Anonymity

This fresh blank computer screen is spread out before me like a flat snowy field, and the cursor blinks within it like a bird, a flash of black, a blemish against the white. I am thinking of snow, and frostbitten mountains, and pines and spruce trees standing tall within forcefields of white. In my imagination, those trees are like fingers, pointed in resistance, raised to make a speech. What are they saying? Nothing. They're saying nothing. Why is it all so quiet? 

I feel wedged between two worlds. Two solid, unmovable globes: solitude and togetherness, peace and chaos. Books are my peace. Family seems my chaos. I'm straddled between books and family, and I want to push through and find a new place of my own where I can settle, explore the land, see with my own eyes, not anyone else's. I guess I just want to be alone for a while. I miss Maine, and friends my age, and I miss nature--mountains, loud gurgling streams, the softness of snow under thin-gloved fingers. 

I don't know, readers, if I'm doing a good thing by reading all these books. I mean I think I'm doing good--by reading, I'm forcing myself to say no to other things, like television and Facebook and social media. Those things drain me more than they fill me. Books have the potential, don't they, to fill me (to fill us)? Don't stories and sagas and true tales about real human beings exist to. . . comfort us? Remind us that we're not alone?

It's a paradox, it is, to be physically alone while we read, but to feel as though we're with someone--even sometimes, an entire village--and to gain a sense of community, a heart-pat, so to speak, to tell us that everything will be just fine. 

Good books have power. They remind us we're not alone. 

Second Growth, this week's book, written by the literary giant Wallace Stegner, (Houghton Mifflin, 1947), moved me to tears, startled me and stilled me. It will linger a while in my mind. Good books linger, you know? When they speak to hard truths, they linger. It's right that they should and I believe that it's wrong to pass them over too quickly. I feel like I owe it to Stegner to let this book sit with me, at least for a whole afternoon. 

Stegner, born February 18, 1909, is the author of numerous novels, including The Big Rock Candy Mountain (1967), Crossing to Safety (1987), and Angle of Repose, which won the Pulitzer Prize in 1972. Angle of Repose stunned me into epistolary silence when I read it last summer; in Repose, Stegner includes a correspondence between the book's heroine and her dear friend, but there's always this deep-set distance between the two women. Feeling that distance, I felt Stegner was speaking right at my own life, right into the struggles I was dealing with and was literally writing about to friends. I felt like my life could be the same as Repose's heroine, and it frightened me. 

But, good books do that. They frighten and thrill and inspire you, all at once. Stegner is, as I said above, a literary giant. In danger of getting political, I'll stoop right now to say that Trump would likely stop reading by page two or three. Stegner is too great, too wonderful an artist for our president. But that's Trump's loss. You, reader, should make it your gain. Read Stegner. I don't care which one, just read him. 

If you choose Second Growth, you'll be dropped into Westwick, a village in northern New Hampshire, about 1960, and into the stories of three individuals, Helen Barlow (a poetic misfit, the only villager to have graduated college), Andy Mount (a teenage orphan with brains that could take him to college and beyond), and Ruth Kaplan (unwanted by the villagers, she's a Jewish New Yorker who comes to Westwick and quickly marries a tailor). Each character holds a chainlink of anonymity, wanting more but not quite knowing how to get there. As Stegner does so well, the village and the mountains of New Hampshire come alive through the footsteps of his characters. Always writing from a deep sense of place, the characters are as colored by their surroundings as they are by their unique, memorable personalities. All at once, you feel like you know the characters, and you want the best for them.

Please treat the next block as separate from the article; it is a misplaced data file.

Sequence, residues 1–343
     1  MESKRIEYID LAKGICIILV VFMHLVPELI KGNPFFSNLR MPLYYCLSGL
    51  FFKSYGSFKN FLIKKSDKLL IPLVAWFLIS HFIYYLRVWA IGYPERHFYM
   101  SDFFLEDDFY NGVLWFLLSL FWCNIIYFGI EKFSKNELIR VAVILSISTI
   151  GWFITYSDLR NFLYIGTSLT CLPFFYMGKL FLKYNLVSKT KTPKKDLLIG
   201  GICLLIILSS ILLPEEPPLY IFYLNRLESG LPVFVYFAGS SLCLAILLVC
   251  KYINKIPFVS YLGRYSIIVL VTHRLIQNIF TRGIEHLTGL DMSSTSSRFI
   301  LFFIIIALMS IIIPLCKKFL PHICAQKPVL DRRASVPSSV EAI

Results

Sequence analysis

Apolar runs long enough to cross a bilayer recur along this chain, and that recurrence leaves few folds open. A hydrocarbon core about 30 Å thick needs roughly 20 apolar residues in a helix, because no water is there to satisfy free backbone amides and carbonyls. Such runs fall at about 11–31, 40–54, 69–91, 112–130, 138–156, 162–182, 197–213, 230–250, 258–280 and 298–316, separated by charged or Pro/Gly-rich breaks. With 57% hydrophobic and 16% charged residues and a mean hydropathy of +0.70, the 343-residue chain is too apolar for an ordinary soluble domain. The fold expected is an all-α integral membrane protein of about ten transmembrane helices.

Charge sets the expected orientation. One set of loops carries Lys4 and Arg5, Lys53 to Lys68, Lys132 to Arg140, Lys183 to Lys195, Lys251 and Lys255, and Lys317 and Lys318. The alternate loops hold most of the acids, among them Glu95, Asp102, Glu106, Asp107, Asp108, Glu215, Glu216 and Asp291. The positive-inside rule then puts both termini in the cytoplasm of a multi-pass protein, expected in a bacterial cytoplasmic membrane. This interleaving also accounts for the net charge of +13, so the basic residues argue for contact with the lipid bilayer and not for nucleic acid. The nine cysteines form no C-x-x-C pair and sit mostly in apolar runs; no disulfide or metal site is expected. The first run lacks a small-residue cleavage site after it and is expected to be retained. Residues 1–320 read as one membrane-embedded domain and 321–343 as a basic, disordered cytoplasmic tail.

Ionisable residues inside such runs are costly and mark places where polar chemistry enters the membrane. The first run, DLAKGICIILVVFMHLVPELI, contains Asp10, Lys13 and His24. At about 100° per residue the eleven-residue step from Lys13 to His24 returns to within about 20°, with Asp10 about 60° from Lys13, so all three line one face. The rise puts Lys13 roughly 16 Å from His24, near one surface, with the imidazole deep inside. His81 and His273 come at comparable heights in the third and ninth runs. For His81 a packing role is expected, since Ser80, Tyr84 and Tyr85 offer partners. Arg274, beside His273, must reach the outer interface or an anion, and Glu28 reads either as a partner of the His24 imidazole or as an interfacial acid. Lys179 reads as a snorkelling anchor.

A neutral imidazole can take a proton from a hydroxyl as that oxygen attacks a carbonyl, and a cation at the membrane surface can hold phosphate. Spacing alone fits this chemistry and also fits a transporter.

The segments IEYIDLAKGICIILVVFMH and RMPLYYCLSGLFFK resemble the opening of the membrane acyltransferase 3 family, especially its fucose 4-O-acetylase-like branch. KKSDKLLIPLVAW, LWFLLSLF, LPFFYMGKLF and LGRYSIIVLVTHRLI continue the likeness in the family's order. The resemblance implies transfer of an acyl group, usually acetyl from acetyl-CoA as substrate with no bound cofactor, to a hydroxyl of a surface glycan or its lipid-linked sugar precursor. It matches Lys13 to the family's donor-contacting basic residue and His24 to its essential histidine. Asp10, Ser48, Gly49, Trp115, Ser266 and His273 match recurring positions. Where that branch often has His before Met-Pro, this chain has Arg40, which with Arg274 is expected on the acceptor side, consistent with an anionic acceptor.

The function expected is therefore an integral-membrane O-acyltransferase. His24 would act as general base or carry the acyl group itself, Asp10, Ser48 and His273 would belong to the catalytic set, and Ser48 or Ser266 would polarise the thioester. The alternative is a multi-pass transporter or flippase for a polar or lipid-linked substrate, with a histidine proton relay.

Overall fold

But, good books do that. They pull you into their worlds, want you to stay. 

In a recent article paying tribute to Stegner on his 108th birthday, the author of the article makes notes of Stegner's refusal to allow personal doubts to be an excuse for selfish despair. "There were too many people who had fallen in love with the land, and who counted on him," the author writes. Such an attitude of selflessness encourages and inspires me to move past my own, current uncertainties and fears about the future; as Stegner intimates--I feel he's speaking almost directly to my face--I must forget, at least for a while, my frustrations and disheartenment, and live into hope.

I, and everyone, can only succeed in big things by at least momentarily setting aside  the doubts and living into the confidence that lingers. 

So, readers. I finally felt this week as though books are my friends. It's not that I ever doubted it, I just don't think I felt such a kinship before--or maybe I've just forgotten it? Now, again, I want to sit at their table. If I am the athlete and they are the nerds, I give myself over to nerd-dom. I'm with them. But still: I've got to leave sometime. I've got to say goodbye and let the books be books and my life move forward. Maybe it's an every day thing. Maybe it's okay to realize that sometimes we want to be quiet, and sometimes we need to have chaos. 

Read on.

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Please do check out the "AUTHORS" tab at the top of the page for more information on Wallace Stegner and a link to his website.

Next week's book is Winterdance, by Gary Paulsen (subtitle: The Fine Madness of Running the Iditarod). (1994). The Iditarod started today, March 4, 2017!